So here we are approaching the anniversary of the Supreme Court decision. While some are planning weddings, others are girding our loins to continue the battle — recognizing that it’s not enough to be able to wed on Saturday if we can still be fired on Monday, and even worse to see some, if not all, of our rights turned back come November.
Okay, so no one says “gird your loins” anymore, but you get the drift. We must get ready for perilous times. Unfortunately it seems that some folks, at least on the progressive/liberal side, still don’t see how serious this stuff is.
Unlike the scared, misguided and/or lunatic fringe on the right willing to overlook the hypocrisy; vote against their own best interests; hold their nose; and fall in line behind whichever one of the three stooges heads the GOP ticket, our team is still working things out.
Some who are feeling the “Bern” hint that they will sit it out if it is not their candidate. Even worse, some Sanders supporters, most notably actress and activist Susan Sarandon, say they don’t know if they can bring themselves to vote for any candidate but Sanders. Sarandon went so far as to imply that Trump might be better for America than Hillary Clinton. Seriously?
Well, maybe in her world. Maybe in a wealthy, white, heterosexual world with the means and opportunities to seek refuge in greener pastures is that a good move, but for the other 99 percent, those of us in the LGBTQ community and especially those in communities of color, we need to be more thoughtful and strategic.
This does not mean a cakewalk, no matter how historic a Clinton candidacy might be. She has had her missteps and communication gaffs. There is too much information available, too many living witnesses to the past horrors, too many still suffering for ANYONE to be misinformed, misspeak or whitewash history.
Any candidate wanting progressive, LGBTQ and/or POC votes must be vetted fully and schooled on our issues like yesterday. We must ask more than, “What have you done for us lately?” but also, “What haven’t you done for us in the past?” and “Do you understand the consequences of your actions/inactions?” We need to ask them if they understand today’s world or are they still living with outdated values and views.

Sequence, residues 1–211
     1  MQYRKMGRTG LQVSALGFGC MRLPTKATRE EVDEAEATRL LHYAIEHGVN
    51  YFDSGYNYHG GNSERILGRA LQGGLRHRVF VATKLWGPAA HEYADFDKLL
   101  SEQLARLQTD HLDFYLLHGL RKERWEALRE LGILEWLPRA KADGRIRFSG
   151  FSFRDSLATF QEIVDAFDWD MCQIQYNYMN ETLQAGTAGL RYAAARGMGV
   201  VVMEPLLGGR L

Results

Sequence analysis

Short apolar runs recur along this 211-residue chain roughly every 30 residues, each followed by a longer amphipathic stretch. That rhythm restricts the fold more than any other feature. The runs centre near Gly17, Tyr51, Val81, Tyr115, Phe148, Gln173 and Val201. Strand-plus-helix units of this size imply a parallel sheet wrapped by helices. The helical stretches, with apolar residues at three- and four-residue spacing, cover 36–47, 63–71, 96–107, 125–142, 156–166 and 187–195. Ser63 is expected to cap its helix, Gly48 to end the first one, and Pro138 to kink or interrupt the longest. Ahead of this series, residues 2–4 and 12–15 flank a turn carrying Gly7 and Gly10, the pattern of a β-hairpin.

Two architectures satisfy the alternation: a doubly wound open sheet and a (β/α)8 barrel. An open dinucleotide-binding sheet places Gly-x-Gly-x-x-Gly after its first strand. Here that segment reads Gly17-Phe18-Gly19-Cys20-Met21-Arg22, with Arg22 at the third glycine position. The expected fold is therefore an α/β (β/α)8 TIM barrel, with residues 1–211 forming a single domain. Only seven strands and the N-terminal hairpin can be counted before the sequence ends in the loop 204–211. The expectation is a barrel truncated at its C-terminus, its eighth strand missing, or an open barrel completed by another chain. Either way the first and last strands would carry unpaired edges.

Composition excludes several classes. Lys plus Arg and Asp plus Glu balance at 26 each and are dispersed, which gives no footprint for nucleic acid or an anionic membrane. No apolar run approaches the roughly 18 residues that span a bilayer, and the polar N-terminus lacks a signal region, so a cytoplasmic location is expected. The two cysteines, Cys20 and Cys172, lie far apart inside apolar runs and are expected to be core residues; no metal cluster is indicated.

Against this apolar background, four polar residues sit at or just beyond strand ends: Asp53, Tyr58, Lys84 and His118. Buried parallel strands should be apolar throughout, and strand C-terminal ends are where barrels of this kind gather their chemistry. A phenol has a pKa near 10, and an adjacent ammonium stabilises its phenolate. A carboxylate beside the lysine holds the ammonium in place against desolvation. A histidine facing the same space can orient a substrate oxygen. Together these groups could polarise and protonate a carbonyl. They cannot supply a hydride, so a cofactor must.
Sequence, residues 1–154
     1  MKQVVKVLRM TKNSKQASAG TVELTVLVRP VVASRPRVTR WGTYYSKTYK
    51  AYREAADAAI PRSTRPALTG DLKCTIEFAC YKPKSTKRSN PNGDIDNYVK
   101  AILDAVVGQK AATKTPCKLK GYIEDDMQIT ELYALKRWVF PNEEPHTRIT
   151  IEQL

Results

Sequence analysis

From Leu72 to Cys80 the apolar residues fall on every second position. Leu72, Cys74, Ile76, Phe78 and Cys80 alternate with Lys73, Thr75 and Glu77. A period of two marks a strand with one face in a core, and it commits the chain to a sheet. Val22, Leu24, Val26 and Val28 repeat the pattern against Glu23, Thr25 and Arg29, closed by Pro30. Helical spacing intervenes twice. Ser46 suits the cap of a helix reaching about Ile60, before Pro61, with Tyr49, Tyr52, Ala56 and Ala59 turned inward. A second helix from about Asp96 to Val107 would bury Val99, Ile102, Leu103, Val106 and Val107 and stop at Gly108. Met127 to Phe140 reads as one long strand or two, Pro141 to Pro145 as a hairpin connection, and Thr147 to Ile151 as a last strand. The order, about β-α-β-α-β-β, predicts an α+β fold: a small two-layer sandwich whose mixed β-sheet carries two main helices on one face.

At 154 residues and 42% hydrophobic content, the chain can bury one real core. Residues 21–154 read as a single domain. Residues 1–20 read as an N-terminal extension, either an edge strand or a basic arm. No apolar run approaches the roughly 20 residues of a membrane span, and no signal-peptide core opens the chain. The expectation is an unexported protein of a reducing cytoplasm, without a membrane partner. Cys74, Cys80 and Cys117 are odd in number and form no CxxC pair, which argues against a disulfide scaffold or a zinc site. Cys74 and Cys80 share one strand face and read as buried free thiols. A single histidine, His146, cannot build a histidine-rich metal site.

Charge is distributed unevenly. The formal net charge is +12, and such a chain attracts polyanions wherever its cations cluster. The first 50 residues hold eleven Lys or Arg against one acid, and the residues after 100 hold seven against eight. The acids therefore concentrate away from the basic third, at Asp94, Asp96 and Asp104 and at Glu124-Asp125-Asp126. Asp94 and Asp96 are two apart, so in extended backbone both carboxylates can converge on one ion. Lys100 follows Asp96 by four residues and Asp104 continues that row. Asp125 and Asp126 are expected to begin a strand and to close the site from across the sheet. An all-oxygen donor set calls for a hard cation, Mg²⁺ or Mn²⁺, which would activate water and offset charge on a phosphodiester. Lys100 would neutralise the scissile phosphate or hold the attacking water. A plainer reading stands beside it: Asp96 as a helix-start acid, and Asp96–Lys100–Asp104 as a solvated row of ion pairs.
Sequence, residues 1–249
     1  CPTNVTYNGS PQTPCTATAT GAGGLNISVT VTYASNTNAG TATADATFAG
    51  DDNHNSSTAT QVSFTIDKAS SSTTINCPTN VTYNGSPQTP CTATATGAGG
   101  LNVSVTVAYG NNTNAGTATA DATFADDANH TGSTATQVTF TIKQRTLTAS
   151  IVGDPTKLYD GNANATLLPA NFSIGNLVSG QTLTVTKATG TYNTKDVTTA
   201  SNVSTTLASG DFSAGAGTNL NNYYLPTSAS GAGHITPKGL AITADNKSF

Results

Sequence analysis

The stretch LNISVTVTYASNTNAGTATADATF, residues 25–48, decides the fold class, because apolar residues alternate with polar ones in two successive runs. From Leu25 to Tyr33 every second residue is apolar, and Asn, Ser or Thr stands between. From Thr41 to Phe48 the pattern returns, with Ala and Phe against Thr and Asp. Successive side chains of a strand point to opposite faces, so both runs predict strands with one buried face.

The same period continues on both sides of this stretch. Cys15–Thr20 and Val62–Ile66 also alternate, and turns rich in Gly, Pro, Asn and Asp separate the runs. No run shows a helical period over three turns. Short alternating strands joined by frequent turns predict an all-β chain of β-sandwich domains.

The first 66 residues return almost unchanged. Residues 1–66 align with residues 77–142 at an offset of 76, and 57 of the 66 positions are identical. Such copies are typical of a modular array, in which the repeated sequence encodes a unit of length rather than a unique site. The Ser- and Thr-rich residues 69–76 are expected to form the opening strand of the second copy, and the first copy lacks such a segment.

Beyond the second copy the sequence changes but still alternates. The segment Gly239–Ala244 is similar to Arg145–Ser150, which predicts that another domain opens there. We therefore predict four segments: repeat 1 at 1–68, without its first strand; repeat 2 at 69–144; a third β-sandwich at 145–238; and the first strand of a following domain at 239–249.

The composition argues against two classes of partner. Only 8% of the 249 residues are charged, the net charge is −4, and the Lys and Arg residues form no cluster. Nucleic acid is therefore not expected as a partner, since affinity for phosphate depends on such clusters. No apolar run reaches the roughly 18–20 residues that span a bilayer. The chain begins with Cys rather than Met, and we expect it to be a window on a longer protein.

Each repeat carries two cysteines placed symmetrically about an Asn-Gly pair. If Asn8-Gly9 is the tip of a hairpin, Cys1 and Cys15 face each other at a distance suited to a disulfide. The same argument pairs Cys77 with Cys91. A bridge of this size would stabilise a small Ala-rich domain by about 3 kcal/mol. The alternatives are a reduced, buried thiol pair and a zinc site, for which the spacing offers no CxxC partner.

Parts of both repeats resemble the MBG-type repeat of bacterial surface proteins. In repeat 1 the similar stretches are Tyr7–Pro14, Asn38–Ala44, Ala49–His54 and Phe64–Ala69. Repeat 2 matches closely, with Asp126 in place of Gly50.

Having a social media presence and being on late night television might make you seem cool, but we need more than sound bites and slogans. We can’t hope that candidates will educate themselves — we must ask the hard questions and hold their feet to the fire to make sure they get it right and keep it right. That’s the relatively easy part. The pulling up not the girding up, the heavy lifting.
No politician, neither Hillary nor Bernie, can do that. They’re just the standard bearers. We must set and raise the standards which takes us back to the Them vs. Us reality.
They have done a pretty good job of raising a specter of doom and gloom, of portraying a scary future that only a return to their values can redeem — a message so powerful that many would vote against their own best interest to see fulfilled.
Us — well, not so much. Despite the fact that 12 years after marriage in Massachusetts the state hasn’t fallen into the sea (or burst into flames), that the country survived the enactment of the Affordable Care Act and more Americans now have health coverage, and after seven years of an Obama presidency the economy is in a far better place. We/Us still can’t get people to the polls to vote. We/Us haven’t directly or indirectly influenced enough of our friends/neighbors to realize our equality does not mean inequality for them.
When we have come together and raised our voices we have changed the nation again and again. We did this not by holding hands singing “Kumbaya” but by raising our voices in a song for freedom.
Now it’s the time to gird up our loins, to man-up and flex our ovaries and do whatever we have to do to focus not on our differences but on what will make a better world for us all — black/white, gay/straight, everyone. So, to borrow the words of the immortal Bob Marley, “Won’t you help to sing these songs of freedom? It’s all we’ll ever have.”